Building Better Teams By Being a Servant Leader


NAPW member Gay Polk-Payton is currently employed with Forrest County Justice Court where she serves as an elected Judge and is owner of Polk-Payton Law Office. Meet her at Power Networking in Atlanta where she will present Better Team Building Starts with Being a Servant Leader. We are thrilled to feature Polk-Payton on the blog today as a guest contributor.

Next month in Atlanta, at the NAPW Power Networking Event, I will talk about the value of professionalism and being a servant leader. Being a servant leader requires several consistent actions on your part. I didn’t put these in any particular order of importance because each is vital to success in leadership and to building and sustaining effective teams.

Consistently provide educational leadership and service, and be ready to sacrifice for your team to plow the road and make room for new leaders. Be prepared to do what is necessary to get your team ready to take on leadership in your absence. There may come a time when your presence is temporarily or permanently lost – just as it is important to have life insurance for your families to maintain financial stability in your absence, it is similarly important to insure that your team has the requisite tools to assume leadership in your absence, so that they can continue to build teams that are poised for leadership.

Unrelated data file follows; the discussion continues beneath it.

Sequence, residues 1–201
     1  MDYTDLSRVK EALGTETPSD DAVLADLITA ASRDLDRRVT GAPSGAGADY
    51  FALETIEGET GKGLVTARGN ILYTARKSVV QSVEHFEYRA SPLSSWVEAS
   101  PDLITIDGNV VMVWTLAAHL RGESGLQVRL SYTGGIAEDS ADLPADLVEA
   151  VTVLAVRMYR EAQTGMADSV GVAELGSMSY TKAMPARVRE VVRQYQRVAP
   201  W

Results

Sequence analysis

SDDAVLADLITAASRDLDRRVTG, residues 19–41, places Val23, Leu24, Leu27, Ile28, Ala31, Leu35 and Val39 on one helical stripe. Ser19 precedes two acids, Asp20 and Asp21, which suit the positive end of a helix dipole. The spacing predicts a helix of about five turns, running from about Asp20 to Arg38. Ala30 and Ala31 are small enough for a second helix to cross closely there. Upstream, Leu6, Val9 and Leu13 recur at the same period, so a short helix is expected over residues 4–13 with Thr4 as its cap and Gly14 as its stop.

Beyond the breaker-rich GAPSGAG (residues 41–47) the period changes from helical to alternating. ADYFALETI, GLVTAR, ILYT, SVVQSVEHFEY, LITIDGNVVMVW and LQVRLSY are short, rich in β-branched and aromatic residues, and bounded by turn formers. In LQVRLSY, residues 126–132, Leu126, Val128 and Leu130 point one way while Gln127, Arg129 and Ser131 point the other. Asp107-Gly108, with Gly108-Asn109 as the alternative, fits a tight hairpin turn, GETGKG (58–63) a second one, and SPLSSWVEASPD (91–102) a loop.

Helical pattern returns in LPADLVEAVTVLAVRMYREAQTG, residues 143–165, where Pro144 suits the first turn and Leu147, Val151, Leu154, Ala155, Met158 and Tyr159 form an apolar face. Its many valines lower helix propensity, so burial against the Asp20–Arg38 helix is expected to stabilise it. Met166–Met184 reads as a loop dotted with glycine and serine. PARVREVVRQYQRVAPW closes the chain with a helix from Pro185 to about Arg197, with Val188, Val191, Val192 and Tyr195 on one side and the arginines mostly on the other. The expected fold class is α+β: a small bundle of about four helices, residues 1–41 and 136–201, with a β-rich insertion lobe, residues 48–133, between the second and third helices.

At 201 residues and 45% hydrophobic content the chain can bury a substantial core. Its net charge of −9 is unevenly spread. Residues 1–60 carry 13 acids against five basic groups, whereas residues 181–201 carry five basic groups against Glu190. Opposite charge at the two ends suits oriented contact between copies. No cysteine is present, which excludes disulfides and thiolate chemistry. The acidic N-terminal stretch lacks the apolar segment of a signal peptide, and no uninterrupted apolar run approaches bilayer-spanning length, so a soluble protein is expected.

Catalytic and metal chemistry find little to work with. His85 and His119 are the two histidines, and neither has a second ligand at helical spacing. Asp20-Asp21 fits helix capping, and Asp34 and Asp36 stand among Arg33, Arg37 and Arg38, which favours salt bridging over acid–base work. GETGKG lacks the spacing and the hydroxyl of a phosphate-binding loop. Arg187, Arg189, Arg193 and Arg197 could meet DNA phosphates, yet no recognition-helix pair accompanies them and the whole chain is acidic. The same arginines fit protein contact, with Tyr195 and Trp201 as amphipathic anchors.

Check yourself (meaning your ego) regularly and lead by example with the understanding that professionalism means doing your job whether you feel like it or not. It is incumbent upon you as a leader to assume responsibility before you share responsibility and delegate authority. Furthermore, the rewards and glory of successful endeavors must be shared with team members in an effort to build trust and an understanding that the hard work of the team will indeed pay off.

Always communicate discontent in an effective and productive way. Even if you are paying the cost of being the boss, you still owe a debt of dignity, courtesy, and respect to members of your team. Using effective communication techniques that include transparency, thoroughness, truthfulness, tenacity, and proper temperament will go a long way in helping your team members understand what you expect of them when completing tasks to reach designated goals.

Everything won’t always be perfect, but keeping your eyes on the big picture will allow you to use perceived obstacles to create opportunities so that you will remain in a constant state of growth. You can’t waste time being afraid of failure. You must always prepare for success by being proactive, preventive, and preemptive rather than reactive and regretful.

Finally, you must understand and be comfortable with your position of leadership, knowing that the buck stops with you and that you’re ultimately responsible for the actions of your team members. Don’t be afraid to stand up and take charge of a situation. Your leadership abilities are what led you to the place where you now sit – use those skills effectively to lead with fearlessness, resolve, and confidence.

I hope that you will join me for Power Networking in Atlanta on September 12. Until then, think of ways that you can integrate these principles to assist you in effective team building and in developing a more focused mentality of servant leadership.

If you have any questions, please feel free to contact me at gpplaw@comcast.net.


Megan Bozzuto

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